U.S. Response to Chinese Hacking
A rule slipped into a recent spending bill prevents U.S. government agencies from buying computers built by Chinese companies. The move is aimed at preventing further hacking by the Chinese government.
The new legislation is limited to purchases made by the Departments of Commerce and Justice, the National Science Foundation and NASA. These agencies are now prohibited from purchasing any computer equipment manufactured or assembled by any business "owned, operated or subsidized" by China. The law is set to expire at the end of the fiscal year.
The move is in response to a 74 page report (pdf) published by private cyber security experts Mandiant in February. Mandiant had responded to over 150 cases of hacking and, working backwards, had pieced together a profile of the so-called "Advanced Persistent Threat" behind the attacks. Mandiant concluded "We believe that APT1 is able to wage such a long-running and extensive cyber espionage campaign in large part because it receives direct government support."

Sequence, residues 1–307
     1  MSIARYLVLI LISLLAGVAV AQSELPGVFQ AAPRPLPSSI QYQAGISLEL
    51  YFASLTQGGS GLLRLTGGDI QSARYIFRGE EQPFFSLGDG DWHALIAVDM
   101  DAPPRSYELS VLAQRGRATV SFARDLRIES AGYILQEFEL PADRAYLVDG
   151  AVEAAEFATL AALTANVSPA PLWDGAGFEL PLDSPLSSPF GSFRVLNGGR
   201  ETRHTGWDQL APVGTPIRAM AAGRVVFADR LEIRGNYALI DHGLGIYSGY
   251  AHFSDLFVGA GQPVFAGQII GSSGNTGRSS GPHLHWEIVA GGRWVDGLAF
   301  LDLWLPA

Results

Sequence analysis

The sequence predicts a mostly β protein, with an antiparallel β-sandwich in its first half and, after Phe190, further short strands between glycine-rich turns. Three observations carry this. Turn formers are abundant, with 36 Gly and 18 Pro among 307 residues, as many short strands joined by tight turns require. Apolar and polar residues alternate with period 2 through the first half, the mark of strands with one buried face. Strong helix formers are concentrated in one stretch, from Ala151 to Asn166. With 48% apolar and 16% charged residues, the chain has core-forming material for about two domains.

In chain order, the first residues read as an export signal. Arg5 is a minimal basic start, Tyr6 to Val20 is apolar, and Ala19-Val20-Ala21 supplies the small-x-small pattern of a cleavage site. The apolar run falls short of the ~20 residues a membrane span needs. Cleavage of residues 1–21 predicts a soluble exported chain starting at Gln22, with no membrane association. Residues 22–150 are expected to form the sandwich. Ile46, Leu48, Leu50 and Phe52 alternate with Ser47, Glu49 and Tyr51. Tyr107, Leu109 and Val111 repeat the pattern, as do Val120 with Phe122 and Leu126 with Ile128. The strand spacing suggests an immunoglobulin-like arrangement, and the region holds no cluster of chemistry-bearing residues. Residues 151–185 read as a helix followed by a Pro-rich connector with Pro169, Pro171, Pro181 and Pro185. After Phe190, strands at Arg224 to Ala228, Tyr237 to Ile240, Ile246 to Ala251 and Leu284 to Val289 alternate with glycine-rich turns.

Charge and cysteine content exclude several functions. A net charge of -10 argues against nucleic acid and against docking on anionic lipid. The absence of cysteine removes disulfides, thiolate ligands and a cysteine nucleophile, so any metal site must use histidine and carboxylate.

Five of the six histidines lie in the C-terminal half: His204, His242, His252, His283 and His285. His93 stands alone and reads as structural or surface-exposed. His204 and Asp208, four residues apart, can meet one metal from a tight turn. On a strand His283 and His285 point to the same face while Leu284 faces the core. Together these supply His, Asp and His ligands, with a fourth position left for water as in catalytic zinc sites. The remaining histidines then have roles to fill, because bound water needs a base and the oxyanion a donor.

But Mandiant did far more than identify the funding behind the cyber attacks, they traced the attacks to their physical source "a 130,663 square foot facility that is 12 stories high and was built in early 2007" in Shanghai. Based on the size of the facility, Mandiant estimates that the hacking center "is staffed by hundreds, and perhaps thousands of people."
Additional information gathered after Mandiant's report was published suggests the military unit carrying out the attacks had been in operation since at least 2004.